We check in once a week with the rolling results of the CIVIQS tracking poll of Joe Biden’s approval, because it’s a great benchmark for reality and we like the methodology a lot.
CIVIQS has built a universe of some 150,000 polling respondents, and it periodically hits them up with online poll questions. We assume they just get a notification on their phones, they click on it and answer a few quick questions and they’re done, and then CIVIQS tabulates and releases the results. We really like that as a model for polling going forward.
It’s hard to judge poll results as accurate or not accurate, but CIVIQS has generally been pretty securely in the mainstream of the results where Biden’s approval rating is concerned.
Right now, as of Monday’s results, they have him at 34 percent approval nationally.
That’s awful, of course, but it tracks pretty closely with that Quinnipiac poll last week which had Biden at 33 percent. CIVIQS had Biden at 35 in the same time frame; he’s dropped two points in the past week which is understandable given the unbelievably poor performance his administration showed. Biden went to Atlanta and gave a speech which was so deranged and so offensive as to call into question not just his own cognitive ability but that of his handlers, and it flopped – Kyrsten Sinema and Joe Manchin both steadfastly refused to heed his call to blow up the filibuster in service to a terrible “voting rights” bill the elements of which are deeply unpopular with the American people.
And then there was the seven percent inflation rate, the terrible retail numbers from December, the Supreme Court trashing his vaccine mandate, the admissions from various federal public health bureaucrats that the vaccines are barely effective if at all, word coming down that Biden’s education secretary was behind the National School Boards Association’s letter requesting the FBI persecute parents who protest at school board meetings, and on and on.
Thirty-four percent sounds like it might even be generous.
But how’s Biden doing in Louisiana? Worse than nationally, as you might expect. That’s been the case for a while, but…
We think he can go lower than 28 percent. When you consider that 31 percent of the state’s electorate is black and Biden sits at 62 percent with black voters, you realize that’s what’s holding his numbers up. Blacks are fairly loyal Democrats, to be sure, but let’s face it – 62 is already pretty low, and a lot of this administration’s far-left policies aren’t really a good cultural fit for the black vote. You could have some fatigue there, and that 62 percent could well drop over time particularly if inflation, which is a regressive tax affecting everyone, continues at current or higher levels.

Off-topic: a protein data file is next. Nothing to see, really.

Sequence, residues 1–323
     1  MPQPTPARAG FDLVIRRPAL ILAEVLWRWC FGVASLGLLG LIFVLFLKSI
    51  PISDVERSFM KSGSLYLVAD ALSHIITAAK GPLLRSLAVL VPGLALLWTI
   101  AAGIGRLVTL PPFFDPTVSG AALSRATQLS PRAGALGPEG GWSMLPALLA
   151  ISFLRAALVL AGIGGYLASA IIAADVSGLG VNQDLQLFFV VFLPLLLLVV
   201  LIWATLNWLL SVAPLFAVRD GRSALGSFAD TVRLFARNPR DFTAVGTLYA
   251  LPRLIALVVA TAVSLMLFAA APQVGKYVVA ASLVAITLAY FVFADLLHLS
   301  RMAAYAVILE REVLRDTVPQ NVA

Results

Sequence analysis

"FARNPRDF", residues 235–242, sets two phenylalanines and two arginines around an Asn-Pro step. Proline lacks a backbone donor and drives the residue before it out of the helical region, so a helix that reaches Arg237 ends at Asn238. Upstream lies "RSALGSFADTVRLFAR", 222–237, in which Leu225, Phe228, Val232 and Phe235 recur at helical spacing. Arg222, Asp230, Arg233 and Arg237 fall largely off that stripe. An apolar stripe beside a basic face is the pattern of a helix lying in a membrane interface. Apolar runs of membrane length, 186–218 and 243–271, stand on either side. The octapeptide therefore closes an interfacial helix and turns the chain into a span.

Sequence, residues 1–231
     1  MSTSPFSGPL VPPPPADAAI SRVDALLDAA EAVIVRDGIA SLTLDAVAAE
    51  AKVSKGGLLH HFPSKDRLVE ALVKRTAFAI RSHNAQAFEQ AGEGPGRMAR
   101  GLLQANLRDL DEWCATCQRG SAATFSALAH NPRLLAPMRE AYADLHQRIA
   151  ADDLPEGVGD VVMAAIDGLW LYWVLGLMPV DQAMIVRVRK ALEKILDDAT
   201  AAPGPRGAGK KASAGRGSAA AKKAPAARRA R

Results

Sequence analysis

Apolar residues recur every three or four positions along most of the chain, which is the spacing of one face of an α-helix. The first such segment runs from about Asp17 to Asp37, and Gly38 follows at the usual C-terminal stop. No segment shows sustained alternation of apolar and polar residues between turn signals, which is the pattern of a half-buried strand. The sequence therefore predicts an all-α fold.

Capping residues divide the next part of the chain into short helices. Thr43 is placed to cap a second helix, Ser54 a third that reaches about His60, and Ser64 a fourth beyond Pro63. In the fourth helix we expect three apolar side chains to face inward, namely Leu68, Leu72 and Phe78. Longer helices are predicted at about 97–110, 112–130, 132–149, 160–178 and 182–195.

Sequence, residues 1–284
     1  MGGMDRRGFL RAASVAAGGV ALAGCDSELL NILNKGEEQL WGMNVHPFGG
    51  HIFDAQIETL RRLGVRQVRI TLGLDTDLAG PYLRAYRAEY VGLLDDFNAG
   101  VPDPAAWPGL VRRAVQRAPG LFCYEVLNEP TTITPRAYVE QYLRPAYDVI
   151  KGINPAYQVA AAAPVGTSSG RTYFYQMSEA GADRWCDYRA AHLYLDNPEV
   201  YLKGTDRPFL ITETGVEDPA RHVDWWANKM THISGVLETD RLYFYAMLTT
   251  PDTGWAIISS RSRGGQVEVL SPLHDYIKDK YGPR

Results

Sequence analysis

But among white voters in Louisiana? We don’t know how this number could get worse.
This is obviously a major reflection on Biden’s performance, but the implications of it are larger in the context of elections this year and next.
Obviously none of the Republican incumbents in Congress or the Senate are going to lose re-election in Louisiana this fall, Gary Chambers’ insurrection within the Democrat Party notwithstanding. But Biden’s cratering approval rating should mean that the state’s Republican-majority legislature ought to be hyper-aggressive in this year’s legislative session to push Republican core items like expanded school choice, freedom from mask and vaccine mandates, combatting critical race theory and other woke aggressions, and so on (and there are indications this is exactly what’s coming). Let Gov. John Bel Edwards attempt to stop the bleeding with his veto pen under this political environment; if he does that he’ll only make things worse.
And that starts with the legislature’s special session next month to redraw districts for Congress, the Supreme Court, the judicial and legislative districts and so forth. It’s been an item of priority on the right for a long time that legislative districts, for example, should be drawn to maximize both black majorities and Republican majorities at the expense of the state’s white Democrats.
There are only two white Democrats in the Senate and seven – actually six, now that Malinda White is calling herself an independent – in the House. House Governmental Affairs Committee chair John Stefanski, who’ll be in charge of the redistricting map in that body, ought to have as his goal to knock that number down to one or two at most. Black voters are 60 percent of Democrat voter registration and whites are just 36 percent of that party, and what’s more we now know that many or most registered white Democrats are really Republican voters who just haven’t changed their party affiliation.
CIVIQS marks Biden’s approval rating with white Democrats in Louisiana as 73 percent. That tells you how few whites are willing, despite their registration, to identify themselves as Democrats anymore. With white Republicans you see something which is somewhat predictable and yet completely mind-blowing…
And with independents, it’s really not much better…
So a 73 percent approval among Democrats and a 73 percent disapproval among independents. How crazy is that?
The fact that he’s at 73 percent approval among white Democrats, 15 percent with white independents and essentially zero percent with white Republicans and the composite number is 11 percent is an indication of how concentrated white voters are becoming inside the Republican Party in Louisiana.
This tells you the next governor of the state will be a Republican, and the more anti-Biden the candidates the better their chances of winning. That will also hold true in legislative races next year.
Unless there’s a change in Biden’s fortunes. That could happen. But we’re struggling to see how.